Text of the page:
Digit Review: Save Money Without Thinking About it

Digit Review: Save Money Without Thinking About it

What if you could save money without thinking about it? Here’s my Digit Review.

My buddy J. Money at Budgets Are Sexy put me on to a cool new website designed to help you save money without thinking about it. It’s called Digit, and here’s what I think about it, after using it for a few weeks.

Digit Review: Automatic Savings from Your Checking Account

In order to ensure that I save money and pay my bills on time, my finances are largely automated. When it comes to the way I save money, there are four main strategies I put into place:

  1. Retirement savings with Betterment: My long-term wealth building strategy revolves around a retirement account with Betterment. Every month, I make an automatic contribution. I keep my hands off this money. (Read my Betterment Review.)
  2. Long-term emergency fund with a taxable investment account: My long-term emergency fund — the money that I need in the event of a major setback — is automatically invested in an ETF following the S&P 500, where it can grow at a much faster rate than seen in a high-yield savings account.
  3. Short-term emergency savings in a high-yield account: Every month, a small amount is automatically transferred from my checking account into a high-yield account. I keep about three weeks’ worth of expenses in this account for immediate needs. When the account balance gets too big, I transfer some of the money into the taxable account for the long-term emergency fund.
  4. Taxes for quarterly payment: Finally, I make it a point to automatically set money aside each month that can be used for taxes. I can use this money to make quarterly estimated payments, and use it to pay my state taxes as well.

Even with all of this, I was curious as to whether or not I could do better. Was there more room to save money to a greater extent? I signed up with Digit toward the end of January 2015, and my first automatic savings amount, $3.61, was transferred out of my checking account on January.

Since then, as Digit has analyzed my account history and learned the financial habits associated with my account, different amounts have been withdrawn. The latest savings amount was $29.45, which brought the total in my Digit account up to $148.30.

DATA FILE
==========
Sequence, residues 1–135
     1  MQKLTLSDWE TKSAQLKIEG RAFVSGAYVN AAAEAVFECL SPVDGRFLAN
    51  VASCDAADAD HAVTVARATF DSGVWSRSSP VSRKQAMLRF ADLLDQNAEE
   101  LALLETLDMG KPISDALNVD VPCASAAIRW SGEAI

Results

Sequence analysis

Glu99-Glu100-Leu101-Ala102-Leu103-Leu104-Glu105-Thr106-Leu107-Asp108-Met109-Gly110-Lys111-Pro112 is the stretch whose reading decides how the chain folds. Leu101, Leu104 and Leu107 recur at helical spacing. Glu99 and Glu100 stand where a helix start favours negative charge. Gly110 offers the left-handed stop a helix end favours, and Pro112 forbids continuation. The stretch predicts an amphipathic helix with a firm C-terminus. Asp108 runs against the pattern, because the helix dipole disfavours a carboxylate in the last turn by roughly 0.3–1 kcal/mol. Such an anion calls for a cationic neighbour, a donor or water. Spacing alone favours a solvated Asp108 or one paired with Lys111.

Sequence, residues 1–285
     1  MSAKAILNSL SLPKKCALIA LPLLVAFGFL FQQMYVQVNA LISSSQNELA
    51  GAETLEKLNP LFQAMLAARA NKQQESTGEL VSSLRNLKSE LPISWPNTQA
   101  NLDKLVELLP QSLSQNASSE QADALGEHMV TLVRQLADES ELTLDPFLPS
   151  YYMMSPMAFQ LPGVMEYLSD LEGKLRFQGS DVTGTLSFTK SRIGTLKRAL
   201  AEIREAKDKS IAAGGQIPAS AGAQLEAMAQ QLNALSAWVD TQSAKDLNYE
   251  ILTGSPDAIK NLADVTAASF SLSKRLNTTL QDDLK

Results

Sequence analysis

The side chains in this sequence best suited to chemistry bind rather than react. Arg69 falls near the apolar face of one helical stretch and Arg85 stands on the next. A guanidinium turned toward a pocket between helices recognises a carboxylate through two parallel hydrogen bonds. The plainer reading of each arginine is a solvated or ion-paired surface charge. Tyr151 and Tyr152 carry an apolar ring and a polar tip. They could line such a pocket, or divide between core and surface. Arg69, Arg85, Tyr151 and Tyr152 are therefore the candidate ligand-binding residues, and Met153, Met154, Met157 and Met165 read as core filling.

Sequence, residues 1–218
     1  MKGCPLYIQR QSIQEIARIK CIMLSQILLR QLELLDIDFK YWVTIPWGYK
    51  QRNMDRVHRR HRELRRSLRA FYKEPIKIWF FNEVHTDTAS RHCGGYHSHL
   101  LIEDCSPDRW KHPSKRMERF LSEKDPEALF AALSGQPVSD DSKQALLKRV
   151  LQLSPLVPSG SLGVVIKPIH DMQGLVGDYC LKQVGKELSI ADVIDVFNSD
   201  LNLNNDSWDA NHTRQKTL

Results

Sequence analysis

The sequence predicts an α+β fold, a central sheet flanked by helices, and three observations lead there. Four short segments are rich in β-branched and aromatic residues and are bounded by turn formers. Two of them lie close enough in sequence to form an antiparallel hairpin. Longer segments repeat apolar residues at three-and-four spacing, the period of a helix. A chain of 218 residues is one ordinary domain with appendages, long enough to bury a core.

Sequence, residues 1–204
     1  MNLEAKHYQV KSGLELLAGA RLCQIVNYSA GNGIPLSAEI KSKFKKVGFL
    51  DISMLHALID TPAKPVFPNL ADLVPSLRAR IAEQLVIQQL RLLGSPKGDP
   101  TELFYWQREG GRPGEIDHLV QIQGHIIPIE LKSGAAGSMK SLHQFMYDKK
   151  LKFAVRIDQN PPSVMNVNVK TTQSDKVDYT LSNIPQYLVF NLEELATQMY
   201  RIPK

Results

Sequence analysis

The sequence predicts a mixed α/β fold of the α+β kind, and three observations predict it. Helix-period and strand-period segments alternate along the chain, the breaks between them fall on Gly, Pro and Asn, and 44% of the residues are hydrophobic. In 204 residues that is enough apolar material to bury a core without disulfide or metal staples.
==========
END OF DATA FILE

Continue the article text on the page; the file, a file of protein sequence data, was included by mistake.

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As you can see, it’s easy to see your total, how many savings transfers have been made, the average amount of each transaction, and the number of days between transfers. As you can see, Digit pretty much transfers money from my checking account to my Digit account every other day. I also found it interesting that, in the less than a month I’ve been using this service so that I can write this Digit review, my habits indicate that I could be setting aside almost $150 extra. That’s food for thought.

The interface with Digit is very easy and intuitive. You can see a journal of all the transactions involved, and even adjust how your account works. You can adjust how much comes out of your account, and its frequency. It’s also possible to pause your automatic saving if you feel as though upcoming financial obligations will change your situation.

Another feature that I like with Digit is the fact that you can easily manage your account from your phone. Set up to receive texts, and each day Digit keeps you apprised of your situation. It’s easy to see how much you have in your checking account, and you can also use various commands to get more information about checking account transactions, Digit savings, and even decide to withdraw money. When I attempted to withdraw money from my Digit account, it was very simple. I simply texted “Withdraw” to Digit, and a return text asked me how much of my balance I wanted transferred back to my savings account. It took two business days, and the money appeared in my account seamlessly. It’s also possible to add a memo for your Digit savings withdrawal so that you can see why you made the transfer.